HAMPTON ROADS, Va. - Seniors in the community are in need of food as the coronavirus pandemic is having a major impact on one of our most vulnerable populations.
Alma Barber has been driving meals and taking people to dialysis throughout the pandemic. She is an I-Ride Transit driver whose job is to deliver meals to homebound seniors and drive seniors to dialysis appointments.
I-Ride is a service offered by Senior Services of Southeastern Virginia, an agency that provides resources to seniors in a number of ways, including the Meals on Wheels program.
“It will bring tears to your eyes with what we are going on. In some kind of way, everyone is suffering. We may not know them but everyone is going through something in their life,” Barber said.
“We’ve had to pull a 180 on how we provide services,” said Steve Zollos, the Chief Executive Officer for Senior Services of Southeastern Virginia.
Zollos said the demand for meals has gone up during the pandemic. SSSEVA has sent out 6,000 activity packets and started calling seniors twice a week to check on them because many can’t leave their homes.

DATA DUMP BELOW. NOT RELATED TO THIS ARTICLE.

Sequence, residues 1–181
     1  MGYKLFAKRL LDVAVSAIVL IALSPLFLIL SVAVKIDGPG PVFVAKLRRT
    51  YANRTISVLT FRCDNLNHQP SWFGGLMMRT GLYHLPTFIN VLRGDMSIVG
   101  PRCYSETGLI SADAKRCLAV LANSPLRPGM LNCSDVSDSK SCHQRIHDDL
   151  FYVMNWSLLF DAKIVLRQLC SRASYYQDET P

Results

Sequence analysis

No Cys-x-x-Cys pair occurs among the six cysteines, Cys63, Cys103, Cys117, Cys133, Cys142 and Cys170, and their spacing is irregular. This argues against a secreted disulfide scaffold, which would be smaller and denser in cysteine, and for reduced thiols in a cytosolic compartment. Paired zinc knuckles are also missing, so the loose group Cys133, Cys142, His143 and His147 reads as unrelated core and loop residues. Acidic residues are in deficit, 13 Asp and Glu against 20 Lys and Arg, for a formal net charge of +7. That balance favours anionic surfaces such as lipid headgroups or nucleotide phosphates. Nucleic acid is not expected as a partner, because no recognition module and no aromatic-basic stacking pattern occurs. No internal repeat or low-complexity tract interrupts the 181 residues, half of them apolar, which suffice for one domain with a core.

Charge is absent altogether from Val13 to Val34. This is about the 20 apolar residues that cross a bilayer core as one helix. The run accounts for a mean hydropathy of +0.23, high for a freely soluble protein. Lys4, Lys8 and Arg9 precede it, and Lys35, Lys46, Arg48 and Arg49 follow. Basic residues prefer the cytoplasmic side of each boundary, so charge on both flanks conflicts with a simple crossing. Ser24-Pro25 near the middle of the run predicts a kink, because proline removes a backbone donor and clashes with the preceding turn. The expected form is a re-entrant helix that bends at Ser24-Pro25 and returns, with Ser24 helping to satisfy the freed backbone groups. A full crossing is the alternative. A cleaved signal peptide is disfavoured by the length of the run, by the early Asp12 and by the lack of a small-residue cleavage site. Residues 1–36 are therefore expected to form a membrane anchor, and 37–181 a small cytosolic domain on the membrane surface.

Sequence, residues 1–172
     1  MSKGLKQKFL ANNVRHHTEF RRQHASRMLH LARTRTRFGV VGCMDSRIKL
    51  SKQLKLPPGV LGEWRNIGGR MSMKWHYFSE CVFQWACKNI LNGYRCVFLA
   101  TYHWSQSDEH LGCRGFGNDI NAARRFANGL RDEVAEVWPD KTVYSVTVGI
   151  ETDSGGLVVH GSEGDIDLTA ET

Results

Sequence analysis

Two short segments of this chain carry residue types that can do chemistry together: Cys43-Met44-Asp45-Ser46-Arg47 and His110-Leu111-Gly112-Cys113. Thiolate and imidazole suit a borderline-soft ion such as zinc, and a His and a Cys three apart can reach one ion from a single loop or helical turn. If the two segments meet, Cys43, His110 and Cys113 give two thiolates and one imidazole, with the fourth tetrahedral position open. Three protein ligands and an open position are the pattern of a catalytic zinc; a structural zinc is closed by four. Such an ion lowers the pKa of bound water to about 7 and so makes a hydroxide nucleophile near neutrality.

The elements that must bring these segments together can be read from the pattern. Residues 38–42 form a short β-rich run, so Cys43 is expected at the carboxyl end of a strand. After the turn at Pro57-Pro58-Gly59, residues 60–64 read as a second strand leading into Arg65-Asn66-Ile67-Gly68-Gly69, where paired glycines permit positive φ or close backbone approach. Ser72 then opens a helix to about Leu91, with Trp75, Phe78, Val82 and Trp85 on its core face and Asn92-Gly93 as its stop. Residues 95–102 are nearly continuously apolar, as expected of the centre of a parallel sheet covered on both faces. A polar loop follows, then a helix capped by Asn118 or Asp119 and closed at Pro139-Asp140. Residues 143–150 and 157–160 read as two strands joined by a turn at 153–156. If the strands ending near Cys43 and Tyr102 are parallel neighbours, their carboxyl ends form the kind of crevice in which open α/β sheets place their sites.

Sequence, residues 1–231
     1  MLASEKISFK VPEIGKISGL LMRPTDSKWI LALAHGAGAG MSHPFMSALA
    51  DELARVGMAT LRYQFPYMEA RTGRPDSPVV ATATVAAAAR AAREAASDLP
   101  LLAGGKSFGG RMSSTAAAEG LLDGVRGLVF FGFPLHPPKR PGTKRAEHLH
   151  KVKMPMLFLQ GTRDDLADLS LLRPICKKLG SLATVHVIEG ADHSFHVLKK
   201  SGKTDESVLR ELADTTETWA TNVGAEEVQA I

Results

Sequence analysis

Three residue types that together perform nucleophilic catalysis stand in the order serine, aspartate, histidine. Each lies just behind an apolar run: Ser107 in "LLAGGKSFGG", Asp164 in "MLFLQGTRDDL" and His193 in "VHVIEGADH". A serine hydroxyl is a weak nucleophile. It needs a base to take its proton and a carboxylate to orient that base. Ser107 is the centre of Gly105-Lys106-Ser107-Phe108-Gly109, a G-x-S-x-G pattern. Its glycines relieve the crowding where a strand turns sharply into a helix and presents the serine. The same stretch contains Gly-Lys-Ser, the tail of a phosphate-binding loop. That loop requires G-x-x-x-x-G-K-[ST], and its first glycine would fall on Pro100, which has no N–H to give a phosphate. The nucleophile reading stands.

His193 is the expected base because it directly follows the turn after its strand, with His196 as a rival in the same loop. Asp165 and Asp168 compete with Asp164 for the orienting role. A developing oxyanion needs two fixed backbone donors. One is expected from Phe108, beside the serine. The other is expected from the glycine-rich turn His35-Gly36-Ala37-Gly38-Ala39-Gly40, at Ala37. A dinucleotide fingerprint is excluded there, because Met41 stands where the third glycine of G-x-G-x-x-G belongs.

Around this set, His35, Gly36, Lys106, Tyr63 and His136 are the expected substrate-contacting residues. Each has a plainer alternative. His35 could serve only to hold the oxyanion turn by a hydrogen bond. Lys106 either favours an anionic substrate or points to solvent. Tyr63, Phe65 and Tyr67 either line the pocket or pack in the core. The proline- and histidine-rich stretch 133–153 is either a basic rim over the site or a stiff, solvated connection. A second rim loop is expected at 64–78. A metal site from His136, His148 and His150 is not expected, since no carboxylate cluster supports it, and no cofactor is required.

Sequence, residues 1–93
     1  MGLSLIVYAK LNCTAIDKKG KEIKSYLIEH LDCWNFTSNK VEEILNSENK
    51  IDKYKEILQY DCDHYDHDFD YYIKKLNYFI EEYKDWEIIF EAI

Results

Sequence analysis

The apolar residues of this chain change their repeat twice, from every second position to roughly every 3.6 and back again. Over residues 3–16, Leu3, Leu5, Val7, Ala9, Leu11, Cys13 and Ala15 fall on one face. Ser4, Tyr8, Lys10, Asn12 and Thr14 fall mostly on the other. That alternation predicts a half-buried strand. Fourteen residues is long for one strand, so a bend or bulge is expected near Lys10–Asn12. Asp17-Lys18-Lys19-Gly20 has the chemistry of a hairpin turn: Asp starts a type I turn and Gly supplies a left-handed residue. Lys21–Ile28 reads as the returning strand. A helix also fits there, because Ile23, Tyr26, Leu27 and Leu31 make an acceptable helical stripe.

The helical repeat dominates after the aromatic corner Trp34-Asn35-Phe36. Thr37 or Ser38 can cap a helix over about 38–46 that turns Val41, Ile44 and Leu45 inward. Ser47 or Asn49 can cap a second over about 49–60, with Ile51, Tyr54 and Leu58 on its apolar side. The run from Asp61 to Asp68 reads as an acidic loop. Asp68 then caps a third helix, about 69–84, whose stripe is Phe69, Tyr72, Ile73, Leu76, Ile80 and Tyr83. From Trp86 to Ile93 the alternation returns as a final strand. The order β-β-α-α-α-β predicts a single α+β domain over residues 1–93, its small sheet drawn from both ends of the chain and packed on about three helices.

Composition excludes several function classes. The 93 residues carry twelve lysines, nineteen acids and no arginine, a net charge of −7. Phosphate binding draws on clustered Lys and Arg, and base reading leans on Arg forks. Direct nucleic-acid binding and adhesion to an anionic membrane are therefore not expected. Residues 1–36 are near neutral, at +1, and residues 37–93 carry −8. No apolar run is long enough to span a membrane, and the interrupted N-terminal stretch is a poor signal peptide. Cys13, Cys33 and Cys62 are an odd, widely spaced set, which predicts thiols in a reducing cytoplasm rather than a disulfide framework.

According to Zollos, the agency is also working on a project to help educate more seniors on how to use technology and smart phones to stay active with friends, family and the community.
Zollos said previously SSSEVA would provide 100,000 meals per year, but so far they have provided 325,000 this year. But the funds are drying up.
“What has happened in the last two months is that we’ve had to cut down on the number of meals we are sending out because our resources for meals, activity packets and ways we connect with older adults have expired, so we are looking for donations,” Zollos said.
According to Zollos, right now there are 97 people on the waiting list for the Meals on Wheels program.
The program was delivering 6,000 meals a week, but that’s now down to 3,000 per week. Up until November, people were getting two meals per day, but now they only get one.
Zollos said another major problem is the social isolation that so many seniors are feeling.
“The growth of the implications of being socially isolated for so long is rightfully starting to take center stage,” Zollos said.
Many seniors are suffering due to being stuck in their home and not able to see others. Zollos said this is leading to depression and other major health problems.
Barber said she really enjoys her job and helping those who need extra support. She has hope for the future.
“It will get better, just keep praying,” Barber said. “It will get better, it will just take time to get there.”